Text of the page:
October 24, 2014
Outgoing Piñera slammed by his own party
SANTIAGO — The Chilean ruling coalition slammed outgoing President Sebastián Piñera yesterday and blamed him for recent electoral losses that have left the right in the lowest point in its history.
The unusually harsh criticism came from members of Piñera’s own party, Renovación Nacional — a moderate rightist party that makes up the ruling Alianza.
Members of RN lashed out at Piñera during a dinner to honour outgoing lawmakers, claiming that Piñera had failed to recognize his government’s mistakes and accusing him of having “little respect” for the parties that comprise Alianza: RN and the more conservative Unión Democrática Independiente (UDI).
RN leader Carlos Larraín was the first to voice his criticism. “We would like to say ‘we also contributed to this’, we would like to have some kind of recognition because we have worked like crazy.”
But Senator Manuel Ossandón was a lot harsher. “A mea culpa is missing. This is the first government in Chile’s history that lost three elections in a row — municipal, legislative and presidential — in a landslide. The country is doing better but the right is completely destroyed,” he said.
Ossandón went as far as to say that “politically, Piñera’s government has been one of the worst in Chile’s history” and that he opposes the idea of “honouring” the outgoing president.
As president-elect Michelle Bachelet prepares to take office next week, the future ruling-party — the Nueva Mayoría coalition — added to the criticism against Piñera and said that the outgoing government tweaked economic numbers to present “an improved picture.”
Rodrigo Peñailillo, designated to be Chile’s next Interior Ministry, noted that “citizens must be aware (...) that the economy is losing steam. It is part of a reality that we will have to handle as the future government.”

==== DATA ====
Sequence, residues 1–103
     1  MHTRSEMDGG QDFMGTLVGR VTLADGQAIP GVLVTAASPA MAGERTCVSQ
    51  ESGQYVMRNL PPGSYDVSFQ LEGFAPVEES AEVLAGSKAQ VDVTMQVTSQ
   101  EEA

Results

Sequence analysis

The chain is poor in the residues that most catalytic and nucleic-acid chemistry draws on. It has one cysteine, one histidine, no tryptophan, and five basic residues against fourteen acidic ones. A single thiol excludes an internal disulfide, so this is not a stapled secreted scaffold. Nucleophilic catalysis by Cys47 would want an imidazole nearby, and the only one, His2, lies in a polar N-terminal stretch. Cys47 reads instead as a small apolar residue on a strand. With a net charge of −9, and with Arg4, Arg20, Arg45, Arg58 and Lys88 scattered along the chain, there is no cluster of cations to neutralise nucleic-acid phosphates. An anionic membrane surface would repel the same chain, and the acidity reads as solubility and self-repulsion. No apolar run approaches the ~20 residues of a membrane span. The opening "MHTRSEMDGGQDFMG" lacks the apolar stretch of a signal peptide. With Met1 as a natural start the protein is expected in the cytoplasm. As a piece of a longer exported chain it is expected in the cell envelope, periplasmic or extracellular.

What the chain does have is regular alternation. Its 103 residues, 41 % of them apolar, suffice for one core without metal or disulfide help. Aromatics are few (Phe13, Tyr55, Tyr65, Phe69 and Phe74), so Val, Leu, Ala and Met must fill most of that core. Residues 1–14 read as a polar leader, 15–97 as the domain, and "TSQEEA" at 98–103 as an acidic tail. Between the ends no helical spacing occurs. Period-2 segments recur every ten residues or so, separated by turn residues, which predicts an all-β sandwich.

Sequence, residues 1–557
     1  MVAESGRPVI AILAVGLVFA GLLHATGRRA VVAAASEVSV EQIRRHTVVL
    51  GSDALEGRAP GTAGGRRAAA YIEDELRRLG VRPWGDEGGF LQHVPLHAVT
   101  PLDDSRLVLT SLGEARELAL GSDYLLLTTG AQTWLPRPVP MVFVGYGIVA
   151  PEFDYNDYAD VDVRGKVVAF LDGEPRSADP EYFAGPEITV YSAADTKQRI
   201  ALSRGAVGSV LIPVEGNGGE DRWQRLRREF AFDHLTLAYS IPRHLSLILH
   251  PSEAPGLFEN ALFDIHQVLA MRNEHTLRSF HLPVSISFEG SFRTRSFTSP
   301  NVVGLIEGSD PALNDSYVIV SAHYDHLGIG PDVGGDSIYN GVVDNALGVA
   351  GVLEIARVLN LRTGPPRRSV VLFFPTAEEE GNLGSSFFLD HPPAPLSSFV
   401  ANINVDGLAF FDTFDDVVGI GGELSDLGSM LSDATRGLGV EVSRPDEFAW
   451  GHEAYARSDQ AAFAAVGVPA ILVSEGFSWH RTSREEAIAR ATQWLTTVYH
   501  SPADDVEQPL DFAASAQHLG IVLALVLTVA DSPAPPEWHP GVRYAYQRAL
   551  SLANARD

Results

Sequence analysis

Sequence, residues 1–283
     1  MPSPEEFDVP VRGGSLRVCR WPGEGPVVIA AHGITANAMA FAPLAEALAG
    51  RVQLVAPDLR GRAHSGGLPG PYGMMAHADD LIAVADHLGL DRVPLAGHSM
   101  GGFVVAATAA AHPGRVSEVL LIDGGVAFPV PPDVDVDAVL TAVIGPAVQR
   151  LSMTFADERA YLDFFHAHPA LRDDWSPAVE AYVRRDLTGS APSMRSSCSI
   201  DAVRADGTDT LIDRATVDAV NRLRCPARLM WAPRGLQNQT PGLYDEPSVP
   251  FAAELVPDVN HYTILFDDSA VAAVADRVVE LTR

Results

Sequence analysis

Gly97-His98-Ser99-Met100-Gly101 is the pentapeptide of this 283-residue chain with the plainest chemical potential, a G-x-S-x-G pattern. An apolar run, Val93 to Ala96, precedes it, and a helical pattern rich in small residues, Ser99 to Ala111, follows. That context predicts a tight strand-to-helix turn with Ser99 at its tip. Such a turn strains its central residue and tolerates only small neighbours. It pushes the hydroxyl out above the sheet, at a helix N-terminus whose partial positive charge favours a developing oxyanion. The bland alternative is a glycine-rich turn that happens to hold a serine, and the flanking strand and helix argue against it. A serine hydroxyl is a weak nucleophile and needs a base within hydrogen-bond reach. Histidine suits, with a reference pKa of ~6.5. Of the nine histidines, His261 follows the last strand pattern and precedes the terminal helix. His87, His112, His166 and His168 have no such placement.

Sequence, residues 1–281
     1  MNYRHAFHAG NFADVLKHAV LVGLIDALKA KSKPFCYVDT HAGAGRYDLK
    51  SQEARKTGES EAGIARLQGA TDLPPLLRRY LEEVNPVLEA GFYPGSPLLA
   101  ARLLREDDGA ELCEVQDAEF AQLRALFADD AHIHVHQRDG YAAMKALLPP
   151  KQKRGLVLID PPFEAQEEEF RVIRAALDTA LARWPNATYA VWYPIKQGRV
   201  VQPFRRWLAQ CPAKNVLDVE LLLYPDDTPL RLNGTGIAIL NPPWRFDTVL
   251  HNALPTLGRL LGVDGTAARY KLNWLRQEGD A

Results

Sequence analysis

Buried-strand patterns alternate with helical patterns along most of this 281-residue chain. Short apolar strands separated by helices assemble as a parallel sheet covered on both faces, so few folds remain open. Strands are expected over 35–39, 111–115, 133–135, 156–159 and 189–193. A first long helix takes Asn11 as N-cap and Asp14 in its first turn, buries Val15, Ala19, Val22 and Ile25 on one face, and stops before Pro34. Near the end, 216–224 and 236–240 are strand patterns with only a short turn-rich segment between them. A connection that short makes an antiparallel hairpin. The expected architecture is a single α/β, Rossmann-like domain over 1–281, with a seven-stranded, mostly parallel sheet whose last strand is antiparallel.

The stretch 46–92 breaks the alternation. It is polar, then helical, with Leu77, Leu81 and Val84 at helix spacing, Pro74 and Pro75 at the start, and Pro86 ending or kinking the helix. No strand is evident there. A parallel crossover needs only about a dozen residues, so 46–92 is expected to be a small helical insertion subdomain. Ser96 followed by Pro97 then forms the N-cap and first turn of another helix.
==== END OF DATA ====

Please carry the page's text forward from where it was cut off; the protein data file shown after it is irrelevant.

Senate President Jorge Pizarro, a Christian Democrat, underlined that “the economic numbers presented by the government are not real. During the last trimester, growth didn’t surpass 2.7 percent.”
Pizarro accused Piñera of carrying out a “propaganda campaign, pretending to say goodbye but actually trying to gain points and position himself” for 2017.
The right, divided over human rights
The legacy of the Augusto Pinochet dictatorship and its human rights record have been a conflictive issue for Piñera during the four years that he spent in office.
He faced-off several times with the more conservative wing within the coalition, which is openly pro-Pinochet.
Last year, Piñera ordered the closure of the controversial Cordillera prison, where several high-ranking officials from the dictatorship enjoyed privileged conditions.
“What happened during the Presidency of (Socialist) Salvador Allende doesn’t justify the grave and systematic abuses” that took place during the dictatorship, Piñera told ADN radio yesterday.
When the country commemorated the 40th anniversary of the coup against Allende last year, Piñera condemned the coup’s “passive accomplices.” He is one of the few within Chile’s right that voted “No” in an 1988 referendum to decide if Pinochet should continue ruling over Chile.
Evelyn Matthei, the ruling-party’s presidential candidate last year, faced question during the campaign regarding her support of the dictatorship. But Piñera defended her yesterday, praising her “courage” during a “difficult campaign.”
On Monday night, Piñera called on the Chilean right to reorganize and reclaim power in 2017, urging the rightist coalition “to build a real option” for the next presidential term .
Government Spokeswoman Cecilia Pérez said that Piñera wasn’t planning on running, but claimed that he is “the greatest leader the centre-right has.”
Herald staff with Télam, AP